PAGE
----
A small group of papers (1%) often gets a disproportional amount of attention and citations (17%). This pattern has been identified a long time ago (have a look at the Web of Science selection procedure as an example of this trend). A short correspondence by Barabási, Song and Wang published recently in Nature revealed that this pattern only emerges after some time and that those top 1% of papers are not necessarily cited a lot immediately after they emerge. The authors argue that this pattern might be a result of our changing reading habits now that academic publications are so abundant, easily searchable and as a result easily accessible: “Researchers increasingly rely on crowd sourcing to discover relevant work, a process that favours the leading papers at the expense of the remaining 99%”.
SMiLE: But who is going to read 12,000 tweets?!
A second blogpost about the SMiLE project I am involved in appeared recently on the London School of Economics website. I wrote about the project’s aims before as Nicole Beale and Lisa Harris explained it on the LSE website earlier. This second blog post introduces a first glimpse at the results including a short discussion of Twitter network visualization and analysis. Exciting!
In fact, this second blog post reveals some of the really cool work the project members have been up to. MSc students here in Southampton have been busy using the collected social media data in creative ways for their projects. The project is also working with the Oxford e-research centre on a guide for best practice for using social media at conferences. But that’s not all! We are also working on depositing the entire social media archive with the Archaeology Data Service in York, and publishing some of the results in Internet Archaeology.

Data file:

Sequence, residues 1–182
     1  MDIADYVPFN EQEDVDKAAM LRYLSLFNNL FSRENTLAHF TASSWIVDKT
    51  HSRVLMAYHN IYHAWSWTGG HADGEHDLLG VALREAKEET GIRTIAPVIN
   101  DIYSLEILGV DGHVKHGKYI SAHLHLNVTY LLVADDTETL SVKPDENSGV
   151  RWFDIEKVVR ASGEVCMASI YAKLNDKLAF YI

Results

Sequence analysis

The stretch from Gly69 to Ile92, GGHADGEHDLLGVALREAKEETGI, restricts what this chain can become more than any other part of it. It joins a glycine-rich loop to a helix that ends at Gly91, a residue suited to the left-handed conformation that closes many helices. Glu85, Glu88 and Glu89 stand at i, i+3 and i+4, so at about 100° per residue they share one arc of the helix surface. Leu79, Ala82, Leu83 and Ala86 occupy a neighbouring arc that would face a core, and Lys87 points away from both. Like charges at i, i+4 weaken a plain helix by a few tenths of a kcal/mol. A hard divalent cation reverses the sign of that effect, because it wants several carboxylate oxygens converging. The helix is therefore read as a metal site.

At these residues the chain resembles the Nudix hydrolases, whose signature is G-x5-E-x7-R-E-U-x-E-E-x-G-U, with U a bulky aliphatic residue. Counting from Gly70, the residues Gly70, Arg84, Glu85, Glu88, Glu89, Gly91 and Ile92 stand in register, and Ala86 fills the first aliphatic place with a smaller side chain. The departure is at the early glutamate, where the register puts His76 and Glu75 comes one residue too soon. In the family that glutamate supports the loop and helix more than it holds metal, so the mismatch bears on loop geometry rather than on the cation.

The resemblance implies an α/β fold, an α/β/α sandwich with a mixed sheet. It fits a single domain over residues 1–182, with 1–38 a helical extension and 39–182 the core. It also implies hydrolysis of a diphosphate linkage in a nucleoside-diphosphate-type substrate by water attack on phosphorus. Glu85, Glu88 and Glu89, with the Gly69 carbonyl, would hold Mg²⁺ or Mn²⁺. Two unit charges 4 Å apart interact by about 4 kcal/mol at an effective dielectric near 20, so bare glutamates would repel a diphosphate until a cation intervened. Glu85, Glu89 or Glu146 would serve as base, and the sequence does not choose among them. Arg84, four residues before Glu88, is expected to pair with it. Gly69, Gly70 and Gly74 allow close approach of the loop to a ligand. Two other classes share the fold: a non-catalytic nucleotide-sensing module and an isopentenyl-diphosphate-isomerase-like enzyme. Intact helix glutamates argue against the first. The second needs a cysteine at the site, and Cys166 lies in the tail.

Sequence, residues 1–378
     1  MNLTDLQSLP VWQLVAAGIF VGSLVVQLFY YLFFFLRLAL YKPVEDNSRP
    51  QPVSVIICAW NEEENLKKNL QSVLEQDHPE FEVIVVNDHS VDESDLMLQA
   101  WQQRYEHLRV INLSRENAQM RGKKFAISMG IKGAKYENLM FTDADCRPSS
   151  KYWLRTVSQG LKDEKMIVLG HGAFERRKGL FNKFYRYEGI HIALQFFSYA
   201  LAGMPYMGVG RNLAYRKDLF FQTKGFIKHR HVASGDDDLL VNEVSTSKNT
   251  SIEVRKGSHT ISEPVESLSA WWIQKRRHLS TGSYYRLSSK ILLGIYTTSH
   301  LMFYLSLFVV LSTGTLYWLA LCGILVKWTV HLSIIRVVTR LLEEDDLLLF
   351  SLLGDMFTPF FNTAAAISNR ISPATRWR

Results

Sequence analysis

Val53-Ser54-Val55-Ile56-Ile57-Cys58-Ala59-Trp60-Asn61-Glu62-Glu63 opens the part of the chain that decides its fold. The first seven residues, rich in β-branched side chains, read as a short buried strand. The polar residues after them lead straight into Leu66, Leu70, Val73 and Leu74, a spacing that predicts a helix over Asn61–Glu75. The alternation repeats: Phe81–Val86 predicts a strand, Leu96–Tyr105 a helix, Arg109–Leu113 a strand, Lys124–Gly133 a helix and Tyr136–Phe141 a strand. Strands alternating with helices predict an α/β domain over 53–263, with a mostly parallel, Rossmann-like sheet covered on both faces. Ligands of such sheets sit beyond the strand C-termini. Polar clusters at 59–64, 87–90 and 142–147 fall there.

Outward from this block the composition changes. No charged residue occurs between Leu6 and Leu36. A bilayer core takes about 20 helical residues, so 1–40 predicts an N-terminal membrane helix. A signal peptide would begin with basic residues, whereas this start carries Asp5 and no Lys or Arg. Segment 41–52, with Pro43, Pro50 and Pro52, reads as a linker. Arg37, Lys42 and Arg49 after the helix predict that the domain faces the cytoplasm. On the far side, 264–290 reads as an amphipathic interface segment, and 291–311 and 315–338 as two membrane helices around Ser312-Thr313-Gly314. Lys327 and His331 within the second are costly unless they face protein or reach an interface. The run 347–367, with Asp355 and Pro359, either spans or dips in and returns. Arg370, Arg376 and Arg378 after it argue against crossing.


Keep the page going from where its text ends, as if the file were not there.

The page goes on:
The rest of the blog post goes on to discuss some of the issues surrounding all this. How does one go about depositing an electronic social media archive? Lisa and Nicole looked into some of the comments of the conference delegates, provided in feedback forms, to get a more qualified picture of the issue and how to proceed. The blog also discusses the issue of developing an interface through which this dataset can be explored. Mark Borkum and I are looking at using network analysis tools for this. More on the network side of things will be revealed in later posts.
Have a look at the original article, definitely worth a read!
Awesome art by Aaron Koblin
Just saw this TED talk by Aaron Koblin, a digital artist who’s work has inspired me for a while now. His art shows stunning examples of the fact that we have so much data available everywhere that relates in unsuspecting ways. If we bother to add things up, like he does for hand-drawn sheep, Johnny Cash still images, flight patterns, $100 bills and even voice samples, we see surprising things emerge that you would not expect by just looking at a single image or sample. His work on flight patterns is stunning and has been exhibited in the New York MOMA recently.